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What’s With The Lousy Compensation Plan? |  September 02, 2015 (1 comment)


Boston, MA—I have listened to scores of managers over the years talking about their well-intentioned, but generally fruitless, efforts to devise the perfect compensation system to help ‘fix’ under-performing sales teams.

Some managers choose to pay a higher base-salary and no commission. They argue that removing the stress that comes from a performance-based compensation plan has the effect of taking unnecessary pressure off their (read under-performing) employees, thus allowing them to perform better.

Other managers choose to fashion a balance between base-salary and commission. This, they suggest, rewards stellar-performance, while still offering the stability of a regular wage.

Still others shape a compensation plan that is all about performance, believing a system that rewards the top-performers, and challenges lesser performers, is the right way to go.

While there are few hard and fast rules about the perfect compensation system, I will strongly suggest is that any comp plan should favor your top performers. It should, to quote a wise sage, focus on the critical few, not the insignificant many.

While salespeople are not motivated by money alone, they do need to be paid in a manner commensurate with their stellar-performance. They need to know that whatever system you implement (their scorecard) recognizes their accomplishments over their less-successful colleagues.

The Kelly Global Workforce Index found that “Almost half of all workers worldwide agree they would perform better if their pay was linked to their performance and productivity, however, too few are rewarded this way.”

How you choose to construct your compensation plan is less important than it must meet, by any reasonable interpretation, the definition of a meritocracy. Anything less will ensure temporary-residency for your best people, until they find a more suitable place of employment.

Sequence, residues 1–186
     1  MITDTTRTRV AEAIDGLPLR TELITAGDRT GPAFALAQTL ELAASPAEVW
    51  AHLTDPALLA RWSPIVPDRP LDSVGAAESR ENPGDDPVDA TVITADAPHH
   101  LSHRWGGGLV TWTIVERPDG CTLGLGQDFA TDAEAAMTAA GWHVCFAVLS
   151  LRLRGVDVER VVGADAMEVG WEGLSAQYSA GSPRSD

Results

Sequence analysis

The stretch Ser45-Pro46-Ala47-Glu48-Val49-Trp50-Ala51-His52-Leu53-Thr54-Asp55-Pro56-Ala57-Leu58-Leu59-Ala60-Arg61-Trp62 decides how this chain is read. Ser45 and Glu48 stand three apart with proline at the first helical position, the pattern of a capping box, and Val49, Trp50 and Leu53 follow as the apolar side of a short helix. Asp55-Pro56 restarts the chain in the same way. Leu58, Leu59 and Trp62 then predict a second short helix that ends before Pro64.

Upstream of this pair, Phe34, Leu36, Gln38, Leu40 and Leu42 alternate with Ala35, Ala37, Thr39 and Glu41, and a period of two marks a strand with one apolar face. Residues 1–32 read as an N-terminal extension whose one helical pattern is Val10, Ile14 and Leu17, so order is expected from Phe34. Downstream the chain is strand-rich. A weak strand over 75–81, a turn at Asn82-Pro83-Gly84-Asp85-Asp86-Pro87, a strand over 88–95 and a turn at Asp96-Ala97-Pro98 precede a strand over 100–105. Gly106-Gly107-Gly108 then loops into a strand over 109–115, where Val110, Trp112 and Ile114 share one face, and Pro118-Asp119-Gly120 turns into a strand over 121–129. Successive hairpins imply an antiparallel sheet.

Peter Smith, the author of Hiring Squirrels: 12 Essential Interview Questions To Uncover Great Retail Sales Talent, has spent more than 30 years building sales-teams at retail and at wholesale. A graduate of Boston College and the Harvard Key- Executive Program, Peter has served on the Advisory Board of Caliper’s Global Conference. He is also a regular columnist for National Jeweler and the Centurion Sales Newsletter, where he writes about sales, personnel and management issues pertaining to Independent Retail Jewelers. Smith has previously worked with companies such as Tiffany & Co., Montblanc and Hearts On Fire and he was recently appointed as president of Vibhor Gems.

Smith’s Hiring Squirrels is available in print or Kindle digital edition on 

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Comments (1):

We had a very successful compensation plan that we used for many years.  It was very simple.  We paid 14% of gross profit to the salesperson.  We had a draw based on their production.  Everyone who produced loved it.  Those who didn’t produce didn’t stick around too long.

By Ellen Lacy on Sep 4th, 2015 at 3:17pm

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